As you walk into the church, you pass beneath a monumental head and shoulders of a fierce-looking Christ. This is titled, ‘Jesus Christ, the chora (land) of the living’. So you enter under a theological pun which plays with the church’s name and the words of Psalm 27: ‘I am still confident of this: I will see the goodness of the Lord in the land of the living.’
But the face remains powerful. In her book, The Irrational Season, Madeleine L’Engle describes visiting the Chora Church and seeing this image of Christ. She says, ‘I knew that if this man had turned such a look on me and told me to take up my bed and walk, I would not have dared not to obey. And whatever he told me to do, I would have been able to do.’
Like Howard Carter at the opening of Tutankhamen’s tomb, we saw ‘wonderful things’ as we walked around, but I was here mainly for one wonderful thing: a fresco I had seen long ago in a book and which has lodged in my heart and head ever since. I saved it for last. It’s in the church’s burial chapel, painted inside the half dome at the east end, filling the whole of that curved space.
Standing dead centre beneath the icon, Tali and I looked up and became for the moment its intended viewers. Its title is Anastasis, ‘The Resurrection’, and in it the most alive Christ you’ve ever seen strides through hell, seizes Adam and Eve by the wrists – just as you’d grab the wrist of a difficult child – and pulls them bodily from their tombs. Beneath his feet are the trashed gates of hell, and below that is Satan, bound like a slave and surrounded by broken locks, chains, jailer’s keys and other small debris from the infernal workshops.
But it is Jesus who commands the scene, and your attention. I’ve never seen him painted this way. Byzantine icons are famously formal and still, with the look of people who have been told to hold a pose and not move. But this Jesus is caught in swift and decisive movement. He captures the vigorous words of the Orthodox Easter liturgy…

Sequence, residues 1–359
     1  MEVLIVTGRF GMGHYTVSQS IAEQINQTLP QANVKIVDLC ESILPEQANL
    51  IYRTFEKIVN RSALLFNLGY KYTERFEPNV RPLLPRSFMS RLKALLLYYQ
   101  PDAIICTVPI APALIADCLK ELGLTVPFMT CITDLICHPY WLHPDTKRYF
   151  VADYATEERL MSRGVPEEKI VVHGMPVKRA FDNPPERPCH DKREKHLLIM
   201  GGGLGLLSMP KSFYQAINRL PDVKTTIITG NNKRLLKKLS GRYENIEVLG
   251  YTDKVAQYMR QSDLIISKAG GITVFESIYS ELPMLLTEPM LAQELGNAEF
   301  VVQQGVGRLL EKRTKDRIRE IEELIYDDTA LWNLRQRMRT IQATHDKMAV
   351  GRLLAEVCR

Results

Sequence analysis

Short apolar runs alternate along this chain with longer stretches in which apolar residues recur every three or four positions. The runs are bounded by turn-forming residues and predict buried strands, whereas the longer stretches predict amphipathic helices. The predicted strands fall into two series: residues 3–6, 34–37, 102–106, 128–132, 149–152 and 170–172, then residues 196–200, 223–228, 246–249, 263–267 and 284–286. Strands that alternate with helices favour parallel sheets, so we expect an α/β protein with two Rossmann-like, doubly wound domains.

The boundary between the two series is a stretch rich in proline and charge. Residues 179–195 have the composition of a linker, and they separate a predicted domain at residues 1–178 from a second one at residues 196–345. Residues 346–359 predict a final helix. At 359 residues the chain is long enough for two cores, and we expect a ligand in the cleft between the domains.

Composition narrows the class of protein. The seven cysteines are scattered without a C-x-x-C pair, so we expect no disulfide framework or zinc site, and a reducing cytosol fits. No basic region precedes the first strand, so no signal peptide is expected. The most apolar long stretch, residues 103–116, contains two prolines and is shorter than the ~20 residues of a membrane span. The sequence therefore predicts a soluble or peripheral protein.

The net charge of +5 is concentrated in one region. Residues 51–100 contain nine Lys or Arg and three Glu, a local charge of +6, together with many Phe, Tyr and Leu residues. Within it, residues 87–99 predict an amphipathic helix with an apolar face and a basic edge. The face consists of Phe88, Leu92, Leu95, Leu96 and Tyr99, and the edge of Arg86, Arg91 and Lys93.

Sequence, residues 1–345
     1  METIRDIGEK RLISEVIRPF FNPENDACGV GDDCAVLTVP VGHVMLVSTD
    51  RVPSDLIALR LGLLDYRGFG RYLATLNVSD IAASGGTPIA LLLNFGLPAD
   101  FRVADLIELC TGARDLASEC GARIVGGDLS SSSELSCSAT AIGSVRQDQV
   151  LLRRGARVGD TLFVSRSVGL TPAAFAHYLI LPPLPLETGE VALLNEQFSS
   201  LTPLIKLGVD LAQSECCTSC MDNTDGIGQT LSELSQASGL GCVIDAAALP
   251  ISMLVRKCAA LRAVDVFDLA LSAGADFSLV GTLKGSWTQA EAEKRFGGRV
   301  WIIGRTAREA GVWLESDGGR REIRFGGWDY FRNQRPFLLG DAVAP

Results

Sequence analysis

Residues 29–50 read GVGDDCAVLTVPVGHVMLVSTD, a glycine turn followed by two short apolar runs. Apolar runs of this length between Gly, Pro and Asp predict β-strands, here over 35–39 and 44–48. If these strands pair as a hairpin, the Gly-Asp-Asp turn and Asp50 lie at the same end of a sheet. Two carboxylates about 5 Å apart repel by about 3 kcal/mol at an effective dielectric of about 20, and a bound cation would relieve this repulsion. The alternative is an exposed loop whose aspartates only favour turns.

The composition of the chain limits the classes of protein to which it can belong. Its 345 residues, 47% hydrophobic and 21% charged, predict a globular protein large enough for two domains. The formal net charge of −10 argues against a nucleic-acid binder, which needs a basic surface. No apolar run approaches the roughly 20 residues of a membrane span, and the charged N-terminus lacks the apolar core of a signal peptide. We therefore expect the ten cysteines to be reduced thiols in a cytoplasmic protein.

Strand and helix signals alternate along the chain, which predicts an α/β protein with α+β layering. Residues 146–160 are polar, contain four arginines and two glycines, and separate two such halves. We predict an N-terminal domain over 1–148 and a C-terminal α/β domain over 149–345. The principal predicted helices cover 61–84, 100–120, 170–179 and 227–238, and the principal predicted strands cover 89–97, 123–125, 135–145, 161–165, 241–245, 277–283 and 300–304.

Christ is risen from the dead,
trampling down death by death,
and to those in the tombs he has given life.
This is so far from the seven-stone weakling Christ I saw pinned up in Sunday school in the 1960s, and so far from the bleeding victim Christ of Catholic statues which weep, that it took my breath away when I first saw it. Like reading Mark’s Gospel, it made me want to follow Jesus then… and now.
Did Jesus rise from the dead? I don’t know. What I do know is that I’d trade just a glimpse of this image for a hundred evangelical books which try to argue ‘the case for the resurrection’ like a whodunit. The Christ shown here powerfully makes me want to believe, and my unbelief can go hang.
Having said all that, I stood still under the image: absorbed, gazing, listening in the few minutes of my life I was there. Madeleine L’Engle says she trembled with joy as she stood on the same spot. For me it was wonder freed from emotion, which I hadn’t expected.
I don’t know if I’ll ever be here again. But I live in the glow of it. I hope for the life and transformation promised here. I hope to be in the land of the living Christ.